So, remember hypothetical genetic cousin Hugh, whose tree has an Edward Flynn from County Leitrim, born around the same time as my paternal ancestor James Flynn? I want to know if Hugh matches any of my 2nd, 3rd, or 4th cousins that also descend from my James Flynn. If Hugh does, then that makes a stronger case for a hypothesis that my James Flynn might be his Edward’s brother or close cousin, and James may be from County Leitrim, Ireland, too. If, instead, we find that Hugh matches one of my cousins descended from my maternal ancestor Michael Cahill, then the fact that Hugh has a Flynn in his tree is irrelevant. His Flynns are probably not related to my Flynns.
The same process applies to my non-Irish ancestors, where I’m looking for parents and not just birthplace. If genetic cousin Sue has an ancestor James Jennings around the same age as my ancestor Elizabeth Jennings, and they live next door, can I assume that James and Lizzie are siblings and share the same father? I wish it did, because I don’t know Lizzie’s father, but we can identify James’s father.
That one DNA match isn’t proof, but what if Sue matches not only me or my siblings but also my 2nd, 3rd, or 4th cousins that descend from Lizzie? If we all have the same piece of DNA on the same chromosome (i.e. each of us matches each other, one-to-one, on the same segment), it’s called triangulation and is even more convincing evidence that we share the same individual ancestor. See image 2. For more information on triangulation, see my March 2017 blog post here.
Image 2 shows what I know so far of my DNA matches on the chromosome 11 I got from my mom. You can see a segment where I match my 1st cousin once removed (1c1r), and third cousin (3c), and fourth cousin (4c), all of whom descend from Lizzie Jennings. We all match each other in that area of that chromosome, and Sue matches each of us there too! We likely have the same person in all our family trees: it seems more plausible now that James and Lizzie Jennings are related.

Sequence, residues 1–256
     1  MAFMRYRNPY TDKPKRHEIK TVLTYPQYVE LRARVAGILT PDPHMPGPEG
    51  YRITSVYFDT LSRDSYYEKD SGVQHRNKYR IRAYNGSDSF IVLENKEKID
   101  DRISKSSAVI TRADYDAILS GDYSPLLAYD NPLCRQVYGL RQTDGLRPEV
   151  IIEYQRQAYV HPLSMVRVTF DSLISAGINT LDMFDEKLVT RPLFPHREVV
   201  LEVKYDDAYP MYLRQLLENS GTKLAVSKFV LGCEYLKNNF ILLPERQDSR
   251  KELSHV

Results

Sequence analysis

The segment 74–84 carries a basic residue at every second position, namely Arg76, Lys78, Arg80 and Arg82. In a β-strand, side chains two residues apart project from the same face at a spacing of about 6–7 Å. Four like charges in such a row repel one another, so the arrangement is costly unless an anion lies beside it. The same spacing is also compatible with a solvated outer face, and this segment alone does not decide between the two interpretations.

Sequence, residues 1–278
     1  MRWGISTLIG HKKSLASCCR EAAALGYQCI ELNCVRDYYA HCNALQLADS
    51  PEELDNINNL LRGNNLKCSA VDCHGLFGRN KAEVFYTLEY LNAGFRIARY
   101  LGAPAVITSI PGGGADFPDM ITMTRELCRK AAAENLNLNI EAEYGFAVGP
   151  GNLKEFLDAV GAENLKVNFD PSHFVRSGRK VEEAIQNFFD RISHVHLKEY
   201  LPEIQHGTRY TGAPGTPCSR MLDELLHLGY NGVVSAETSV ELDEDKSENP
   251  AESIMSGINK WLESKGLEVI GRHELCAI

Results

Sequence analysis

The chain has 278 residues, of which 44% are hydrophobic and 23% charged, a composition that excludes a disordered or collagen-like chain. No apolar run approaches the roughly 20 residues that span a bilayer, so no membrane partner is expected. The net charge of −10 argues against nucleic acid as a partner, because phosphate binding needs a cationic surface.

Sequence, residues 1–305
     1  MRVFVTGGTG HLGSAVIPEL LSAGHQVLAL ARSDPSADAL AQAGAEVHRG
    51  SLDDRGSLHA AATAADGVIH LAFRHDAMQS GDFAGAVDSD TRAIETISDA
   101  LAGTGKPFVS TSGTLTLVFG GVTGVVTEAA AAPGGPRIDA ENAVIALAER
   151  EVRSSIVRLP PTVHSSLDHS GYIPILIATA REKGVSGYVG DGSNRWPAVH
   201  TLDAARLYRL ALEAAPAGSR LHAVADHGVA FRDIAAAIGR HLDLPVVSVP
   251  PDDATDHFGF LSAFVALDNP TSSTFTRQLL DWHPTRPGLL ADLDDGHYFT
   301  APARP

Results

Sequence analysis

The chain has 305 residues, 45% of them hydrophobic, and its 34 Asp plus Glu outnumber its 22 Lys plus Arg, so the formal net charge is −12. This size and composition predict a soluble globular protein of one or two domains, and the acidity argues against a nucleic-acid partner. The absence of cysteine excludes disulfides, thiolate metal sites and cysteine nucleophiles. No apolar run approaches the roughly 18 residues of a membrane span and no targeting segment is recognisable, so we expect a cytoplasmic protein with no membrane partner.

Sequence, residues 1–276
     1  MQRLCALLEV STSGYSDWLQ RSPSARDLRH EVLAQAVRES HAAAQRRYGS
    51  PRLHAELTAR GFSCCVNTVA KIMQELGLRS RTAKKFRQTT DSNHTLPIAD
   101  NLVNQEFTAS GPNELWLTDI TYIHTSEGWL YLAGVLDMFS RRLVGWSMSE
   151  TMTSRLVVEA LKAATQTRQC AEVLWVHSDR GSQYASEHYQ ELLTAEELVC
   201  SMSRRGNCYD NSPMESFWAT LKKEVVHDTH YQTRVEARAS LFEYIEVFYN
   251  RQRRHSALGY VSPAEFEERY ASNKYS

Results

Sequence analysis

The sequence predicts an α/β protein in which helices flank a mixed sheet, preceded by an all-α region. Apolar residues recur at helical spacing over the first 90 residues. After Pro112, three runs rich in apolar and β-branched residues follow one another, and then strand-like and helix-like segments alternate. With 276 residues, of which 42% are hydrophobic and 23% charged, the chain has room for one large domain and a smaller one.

Dear 2nd, 3rd, and 4th cousins—we probably all have a genealogy brick wall in common. If you participate in this effort to compare our DNA to each other, your family tree can benefit too!
Just one problem though…
We’re trying to work with a network of cousins, but what if one of these cousins tested at AncestryDNA and another at MyHeritage and another at FamilyTreeDNA and another at 23andMe. How can we find out if/how we match each other?
Happily, there is a solution: GEDmatch.com. GEDmatch lets DNA testers see if/how they match each other, for free, regardless of which of those four companies they tested with. (*) So if we are DNA cousins, I hope you will consider copying your raw DNA data to GEDmatch. Many websites offer instructions, but some have more current details than others. For example, genealogy blogger Mags Gaulden has helpful instructions at Grandma’s Genes, “DNA raw data to GEDmatch,” posted 7 Nov 2017.
Once your data is on GEDmatch, I’ll try to figure out where our DNA cousins connect with us and how far back we can take our family trees. I’ll let you know what I find out, and I’ll send you copies of photos or stories or maps or documents about our common ancestors too, if you’re interested.
If you’re a DNA match to me or my family and you’re willing to try GEDmatch but need a hand with this step, email me at DNAsleuth@att.net. I’m happy to assist with your DNA, and I can help you set up a public or private family tree too if you want. And if you’d like some coaching on how to use the tools at GEDmatch yourself, I can do that as well. After all, we’re kin!
Happy St. Patrick’s Day, and I hope you’ll get in touch with me soon, if you have questions or if you’re willing to help.
Sláinte! (to all!)
Ann Raymont © 2018
(*) GEDmatch caveat: DNA kits processed by 23andMe as of August 2017 are not compatible with regular GEDmatch and may not transfer there. GEDmatch Genesis is being beta-tested to support that chip, as well as to support folks who tested at LivingDNA, but it isn’t fully functional yet.